WILL SMITH is the best thing about Disney’s live-action Aladdin remake. Toby Jones is the best thing about pretty much anything with
Toby Jones in the cast — including the murky psychodrama Kaleidoscope.
And Eighth Grade offers adolescent angst aplenty but few moments of real feeling. Such is modern life.
DVD Of The Week: Aladdin
(PG) 128mins, out Monday
SUMPTUOUS but soulless reworking of the animated favourite, as Disney continues to mine its back catalogue to stunning commercial effect, if little else.
Will Smith is a solid enough stand-in for Robin Williams as the Genie, although we have seen his undoubted charisma deployed more effectively in other roles.
The action is loud and kinetic but the magic is lacking and there are very few laughs. Even the songs feel shoehorned into what is essentially a scimitars-and-sandals action romp.
Given the setting, the leads’ American accents are jarring and aside from Smith, the most three-dimensional character is probably the magic carpet.
Unlike Aladdin’s lamp, this is shiny but empty. Still, given director Guy Ritchie’s recent output, it could have been a lot worse.
(15) 94mins, out Monday
WELL-MEANING teen drama that blew away critics when it hit cinemas — though quite why isn’t clear.
Elsie Fisher is adequate rather than revelatory as Kayla Day, the painfully shy 13-year-old lurching her way awkwardly through various agonising rites of passage.
Writer-director Bo Burnham finds a couple of poignant moments but the narrative beats are wearily predictable.
Josh Hamilton does fine work as Kayla’s endlessly patient father but elsewhere the movie is peopled with archetypes — bitchy popular girls, dorky suitors and sweaty horndogs.
Mid90s offers a more nuanced and rewarding take on adolescence. Tellingly, far less of the running time is taken up with kids staring glassy-eyed at their phones.
(15) 96mins, out Monday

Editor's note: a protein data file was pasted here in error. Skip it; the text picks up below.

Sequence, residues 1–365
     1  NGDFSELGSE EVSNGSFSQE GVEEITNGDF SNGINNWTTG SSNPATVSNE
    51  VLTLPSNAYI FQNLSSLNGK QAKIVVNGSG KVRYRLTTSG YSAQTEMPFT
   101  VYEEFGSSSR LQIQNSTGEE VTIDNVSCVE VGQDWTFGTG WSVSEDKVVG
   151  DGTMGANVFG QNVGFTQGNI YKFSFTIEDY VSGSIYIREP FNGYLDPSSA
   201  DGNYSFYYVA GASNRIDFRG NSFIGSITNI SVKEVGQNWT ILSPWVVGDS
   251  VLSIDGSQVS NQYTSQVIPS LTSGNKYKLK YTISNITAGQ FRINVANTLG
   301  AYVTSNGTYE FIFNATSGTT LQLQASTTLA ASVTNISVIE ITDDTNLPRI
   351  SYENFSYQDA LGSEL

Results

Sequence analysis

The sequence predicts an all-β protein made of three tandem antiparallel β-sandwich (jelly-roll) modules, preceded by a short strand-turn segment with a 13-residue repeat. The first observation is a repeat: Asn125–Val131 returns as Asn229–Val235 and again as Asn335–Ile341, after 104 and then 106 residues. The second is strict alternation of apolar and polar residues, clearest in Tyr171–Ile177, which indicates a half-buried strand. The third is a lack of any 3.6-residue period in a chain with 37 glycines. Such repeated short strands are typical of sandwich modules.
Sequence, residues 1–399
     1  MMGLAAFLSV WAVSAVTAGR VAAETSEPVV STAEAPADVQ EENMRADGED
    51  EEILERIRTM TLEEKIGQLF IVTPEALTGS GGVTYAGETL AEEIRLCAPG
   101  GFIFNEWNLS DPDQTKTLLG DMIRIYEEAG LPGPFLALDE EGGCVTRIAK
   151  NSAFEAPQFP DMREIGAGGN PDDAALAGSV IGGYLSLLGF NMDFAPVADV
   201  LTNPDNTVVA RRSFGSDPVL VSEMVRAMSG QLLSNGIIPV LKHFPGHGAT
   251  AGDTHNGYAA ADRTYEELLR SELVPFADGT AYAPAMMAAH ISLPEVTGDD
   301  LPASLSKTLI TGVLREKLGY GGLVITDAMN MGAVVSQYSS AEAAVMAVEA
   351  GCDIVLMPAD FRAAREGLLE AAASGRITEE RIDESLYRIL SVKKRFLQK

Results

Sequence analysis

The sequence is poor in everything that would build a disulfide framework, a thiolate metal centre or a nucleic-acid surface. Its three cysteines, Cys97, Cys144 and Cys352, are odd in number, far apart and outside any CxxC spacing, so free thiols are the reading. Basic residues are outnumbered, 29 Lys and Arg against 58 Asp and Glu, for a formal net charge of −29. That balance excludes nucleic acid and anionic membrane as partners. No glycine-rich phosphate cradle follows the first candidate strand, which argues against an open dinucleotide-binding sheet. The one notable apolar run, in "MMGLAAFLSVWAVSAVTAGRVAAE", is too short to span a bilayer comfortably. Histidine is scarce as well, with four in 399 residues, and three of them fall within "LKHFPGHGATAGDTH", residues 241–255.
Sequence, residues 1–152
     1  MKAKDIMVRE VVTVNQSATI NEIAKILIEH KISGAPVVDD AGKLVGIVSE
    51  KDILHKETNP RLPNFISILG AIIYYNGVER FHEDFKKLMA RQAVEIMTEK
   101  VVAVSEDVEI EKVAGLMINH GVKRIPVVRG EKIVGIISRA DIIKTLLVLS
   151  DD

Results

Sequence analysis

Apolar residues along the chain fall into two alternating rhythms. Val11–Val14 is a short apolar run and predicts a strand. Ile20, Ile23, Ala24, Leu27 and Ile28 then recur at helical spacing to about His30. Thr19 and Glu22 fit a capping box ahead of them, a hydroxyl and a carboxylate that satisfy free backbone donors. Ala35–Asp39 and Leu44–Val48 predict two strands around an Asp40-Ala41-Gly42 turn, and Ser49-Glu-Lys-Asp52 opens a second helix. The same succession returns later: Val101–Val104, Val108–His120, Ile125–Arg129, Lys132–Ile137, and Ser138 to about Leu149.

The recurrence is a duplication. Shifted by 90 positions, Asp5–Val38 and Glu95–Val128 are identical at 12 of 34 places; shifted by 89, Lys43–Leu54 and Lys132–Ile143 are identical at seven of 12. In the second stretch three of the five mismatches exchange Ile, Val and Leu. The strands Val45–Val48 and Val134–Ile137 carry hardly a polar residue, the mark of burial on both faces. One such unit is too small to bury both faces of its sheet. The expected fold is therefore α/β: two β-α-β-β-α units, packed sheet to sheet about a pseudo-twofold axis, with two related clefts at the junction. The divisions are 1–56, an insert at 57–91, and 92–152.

TOBY JONES is the best thing about most things with Toby Jones in them. And that’s just about true of this slow-burning psychodrama, belatedly making its DVD bow a couple of years on from its cinema release.
That’s not to diminish a typically excellent performance from Jones. In fact, he is given a good run for his money by telly veteran Anne Reid.
She plays Jones’ mother in an oppressive, unsettling slowburner about a murder or two (or three) that is part Albert Square, part Rillington Place.
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Ewan McGregor and Robert Carlyle lead stars at glamorous T2 Trainspotting premiere
(18) 104mins, out Monday
BETWEEN Escape To Victory and Escape Plan, Sylvester Stallone was a kindly convict in this silly, schmaltzy but very enjoyable prison potboiler, re-released on DVD after 30 years presumably for good behaviour.
Before the faintly unhinged finale, this is an oddly sweet affair, more concerned with heartwarming scenes of male bonding than jailhouse staples like drugs, rape and Aryan gangs. (Ignore the 18 certificate. Today, it would barely merit a 15.)
There is some rough-and-tumble on a muddy football field with Billy from Predator and a guard gleefully informs Stallone he will receive just two rolls of toilet paper a month. Otherwise, it’s all rather jolly.
Donald Sutherland dials it down as the dastardly warden, letting his moustache do most of the heavy lifting, while Tom Sizemore is surprisingly good (and amazingly slim) as Stallone’s ingenue inmate buddy.